In times of global economic and financial crisis, new economic concepts are more in demand than ever. Adjunct professor Niko Paech, originator of the concept of the post-growth economy, puts forward some interesting solutions.
Growth equals prosperity. For decades this equation was considered beyond dispute by those working in the field of economic sciences. But since the onset of the financial crisis in 2008, it is not just the financial markets that have reached their limits; so, too, have the economic theories. We spoke with Niko Paech, adjunct Professor at the Carl von Ossietzky University’s Chair of Production and Environment in Oldenburg, who developed the concept of the post-growth economy.
Mr Paech, why is this root-and-branch rethink necessary?
Niko Paech: The need to radically alter our lifestyle and economy has become essential because we are dependent on a few key resources that are in danger of running out. In 2008 we saw the price of a barrel of crude oil reach historic highs. These price increases undoubtedly had an impact on the course of the global economic crisis, which began as a financial crisis in late 2008. We are also dependent on land. The German way of life requires more land than the country has available within its borders. Metals and rare earth elements are also fast becoming depleted and expensive. And the situation is set to escalate, since the proportion of advanced electronics and telecommunications and information technology that contributed to the last phases of economic growth was incisive. And yet precisely these supposed ‘smart’ product categories, as well as the many so-called green innovations – such as wind turbines, hybrid vehicles etc. – are dependent on scarce resources. The scramble for mining and production sites already resembles the early stages of a cold war.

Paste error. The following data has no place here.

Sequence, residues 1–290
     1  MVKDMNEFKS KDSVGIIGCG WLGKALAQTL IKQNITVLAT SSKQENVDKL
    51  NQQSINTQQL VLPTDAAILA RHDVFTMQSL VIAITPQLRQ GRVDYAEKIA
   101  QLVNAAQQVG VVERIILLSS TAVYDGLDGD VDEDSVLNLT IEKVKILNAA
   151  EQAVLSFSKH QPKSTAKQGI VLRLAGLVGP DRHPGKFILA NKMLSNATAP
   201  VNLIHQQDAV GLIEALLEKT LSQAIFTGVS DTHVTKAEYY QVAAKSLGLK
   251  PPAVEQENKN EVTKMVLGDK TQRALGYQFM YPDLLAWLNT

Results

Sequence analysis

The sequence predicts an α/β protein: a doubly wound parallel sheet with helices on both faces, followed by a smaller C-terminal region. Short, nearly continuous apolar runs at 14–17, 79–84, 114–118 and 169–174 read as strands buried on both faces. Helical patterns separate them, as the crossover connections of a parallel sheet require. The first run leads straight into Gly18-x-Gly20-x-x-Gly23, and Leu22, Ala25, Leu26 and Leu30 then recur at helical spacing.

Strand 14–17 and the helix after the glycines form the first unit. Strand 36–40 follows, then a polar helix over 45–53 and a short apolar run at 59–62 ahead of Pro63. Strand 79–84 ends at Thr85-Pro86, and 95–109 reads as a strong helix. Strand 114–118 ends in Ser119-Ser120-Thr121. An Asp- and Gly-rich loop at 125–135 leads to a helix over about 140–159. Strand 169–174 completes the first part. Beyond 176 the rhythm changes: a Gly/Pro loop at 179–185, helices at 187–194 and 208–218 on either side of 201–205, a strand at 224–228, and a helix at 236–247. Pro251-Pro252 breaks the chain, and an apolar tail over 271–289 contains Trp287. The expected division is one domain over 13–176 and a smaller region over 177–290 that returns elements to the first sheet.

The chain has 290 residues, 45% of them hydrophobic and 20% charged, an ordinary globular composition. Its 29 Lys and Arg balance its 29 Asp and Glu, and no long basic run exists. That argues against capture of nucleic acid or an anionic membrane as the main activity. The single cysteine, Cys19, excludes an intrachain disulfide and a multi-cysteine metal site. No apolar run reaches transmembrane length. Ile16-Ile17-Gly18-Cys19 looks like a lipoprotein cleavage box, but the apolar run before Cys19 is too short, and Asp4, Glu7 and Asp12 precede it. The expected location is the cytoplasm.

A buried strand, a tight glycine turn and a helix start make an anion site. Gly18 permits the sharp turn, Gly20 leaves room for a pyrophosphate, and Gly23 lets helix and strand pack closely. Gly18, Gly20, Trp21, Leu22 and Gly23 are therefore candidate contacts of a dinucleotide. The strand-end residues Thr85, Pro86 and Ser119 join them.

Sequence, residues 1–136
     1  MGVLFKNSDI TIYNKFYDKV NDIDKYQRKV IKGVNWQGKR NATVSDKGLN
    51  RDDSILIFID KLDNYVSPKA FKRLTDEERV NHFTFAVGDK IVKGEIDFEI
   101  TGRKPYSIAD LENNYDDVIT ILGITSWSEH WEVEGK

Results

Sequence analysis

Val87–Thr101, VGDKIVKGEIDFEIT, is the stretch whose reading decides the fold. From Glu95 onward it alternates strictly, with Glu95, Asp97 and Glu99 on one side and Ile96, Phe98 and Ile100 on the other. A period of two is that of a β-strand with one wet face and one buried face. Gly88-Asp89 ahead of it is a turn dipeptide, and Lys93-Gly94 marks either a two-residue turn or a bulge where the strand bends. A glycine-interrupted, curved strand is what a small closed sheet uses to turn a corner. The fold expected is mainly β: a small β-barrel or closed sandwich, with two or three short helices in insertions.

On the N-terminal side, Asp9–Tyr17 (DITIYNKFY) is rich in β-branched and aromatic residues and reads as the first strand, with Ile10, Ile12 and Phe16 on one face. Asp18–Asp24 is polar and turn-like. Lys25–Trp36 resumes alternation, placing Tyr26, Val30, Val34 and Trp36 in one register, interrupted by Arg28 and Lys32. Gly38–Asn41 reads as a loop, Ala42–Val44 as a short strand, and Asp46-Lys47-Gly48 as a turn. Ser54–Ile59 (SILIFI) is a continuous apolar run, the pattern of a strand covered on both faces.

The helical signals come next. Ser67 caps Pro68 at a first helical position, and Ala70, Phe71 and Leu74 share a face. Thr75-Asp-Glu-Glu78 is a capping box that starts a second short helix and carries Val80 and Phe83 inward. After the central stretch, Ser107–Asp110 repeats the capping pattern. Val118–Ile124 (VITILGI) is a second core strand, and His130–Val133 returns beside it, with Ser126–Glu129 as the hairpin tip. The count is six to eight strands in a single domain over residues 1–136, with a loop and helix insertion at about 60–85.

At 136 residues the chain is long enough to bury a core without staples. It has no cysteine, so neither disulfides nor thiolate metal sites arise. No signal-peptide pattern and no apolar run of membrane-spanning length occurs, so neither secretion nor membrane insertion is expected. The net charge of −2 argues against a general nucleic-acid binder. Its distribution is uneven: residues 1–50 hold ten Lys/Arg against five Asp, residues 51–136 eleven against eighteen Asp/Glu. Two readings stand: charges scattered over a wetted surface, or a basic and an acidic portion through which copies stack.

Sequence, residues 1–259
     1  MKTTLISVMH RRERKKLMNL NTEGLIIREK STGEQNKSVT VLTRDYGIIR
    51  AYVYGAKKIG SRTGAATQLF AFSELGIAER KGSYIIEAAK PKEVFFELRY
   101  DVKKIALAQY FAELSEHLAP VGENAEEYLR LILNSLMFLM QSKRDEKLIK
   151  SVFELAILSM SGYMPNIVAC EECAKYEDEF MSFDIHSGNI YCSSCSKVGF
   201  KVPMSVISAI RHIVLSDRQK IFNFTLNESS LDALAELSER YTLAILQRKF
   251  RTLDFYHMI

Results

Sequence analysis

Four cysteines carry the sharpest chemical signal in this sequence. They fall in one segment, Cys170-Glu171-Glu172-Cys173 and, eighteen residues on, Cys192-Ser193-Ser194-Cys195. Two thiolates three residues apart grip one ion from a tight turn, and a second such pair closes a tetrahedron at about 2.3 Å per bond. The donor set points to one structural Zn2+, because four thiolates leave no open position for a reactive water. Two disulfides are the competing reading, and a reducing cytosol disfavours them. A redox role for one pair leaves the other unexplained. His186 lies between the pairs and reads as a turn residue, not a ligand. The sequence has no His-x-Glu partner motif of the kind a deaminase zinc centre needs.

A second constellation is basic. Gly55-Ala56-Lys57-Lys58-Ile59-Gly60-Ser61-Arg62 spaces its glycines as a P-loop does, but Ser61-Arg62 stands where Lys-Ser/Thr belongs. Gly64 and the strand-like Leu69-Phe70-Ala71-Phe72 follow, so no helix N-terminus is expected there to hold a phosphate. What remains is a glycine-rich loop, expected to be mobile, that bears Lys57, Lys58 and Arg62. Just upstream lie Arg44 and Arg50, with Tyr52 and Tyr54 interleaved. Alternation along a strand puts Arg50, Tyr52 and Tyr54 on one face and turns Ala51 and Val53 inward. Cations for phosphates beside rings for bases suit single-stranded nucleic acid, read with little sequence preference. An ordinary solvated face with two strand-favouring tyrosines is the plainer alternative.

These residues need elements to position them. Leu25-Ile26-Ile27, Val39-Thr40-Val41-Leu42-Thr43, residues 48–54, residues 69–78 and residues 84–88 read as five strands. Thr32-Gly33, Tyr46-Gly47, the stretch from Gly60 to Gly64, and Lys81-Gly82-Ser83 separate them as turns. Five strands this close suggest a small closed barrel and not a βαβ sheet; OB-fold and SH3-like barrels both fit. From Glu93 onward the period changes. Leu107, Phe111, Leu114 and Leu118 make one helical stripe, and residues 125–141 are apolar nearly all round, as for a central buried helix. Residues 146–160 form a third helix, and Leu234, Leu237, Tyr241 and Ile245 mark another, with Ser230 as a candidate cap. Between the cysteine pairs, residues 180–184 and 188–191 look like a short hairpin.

The resulting increase in resource prices has a knock-on effect on the price of consumer goods and therefore reduces purchasing power in modern consumer societies. All goods become more expensive, even those one might not expect to be affected. Our value chains, which ultimately create the products and services that define our prosperity, have become so complex and their boundaries so blurred that even a glass of mineral water is dependent on land and crude oil.
What will happen when we no longer have enough crude oil? What sort of image do you have in your mind’s eye?
Niko Paech: Perhaps there will be new wars. But it may also be that a steady loss of purchasing power will mean we are forced to practise alternative supply chain strategies beyond an industry devoid of boundaries and therefore irretrievable. Then we would be approaching a post-growth economy, in which the local and regional economies – in particular, creative self-sufficiency or subsistence – play a role. For this transition to take place democratically and in a spirit of solidarity, we must explore new practices of moderate consumption and corresponding lifestyles as soon as possible – and not when it is already too late. Only in this way can we socially cushion the collapse of entire industrial sectors, if peak oil were to escalate, for example. We are our own last resort. In addition to freeing ourselves from material excesses and the introduction of subsistence practices, this would include consigning to the scrapheap of history the myth of the 40-hour week.
Let me illustrate this using the nuclear disaster at Fukushima as an example. In the confusion that followed, a certain Japanese supplier to the German automotive industry was temporarily unable to deliver on time a small motor required for windscreen wiper systems. As a consequence, the German production lines came to a standstill – and all because one upstream product – out of the many that go into building a car – was missing. If, as a result, a big company with a workforce of thousands suddenly experiences a loss in turnover and these employees stand to lose their jobs or at the very least a drop in salary, there are bound to be serious knock-on effects. For these people are also consumers in countless other markets. They will travel less, make savings on food and cut down on other outgoings ...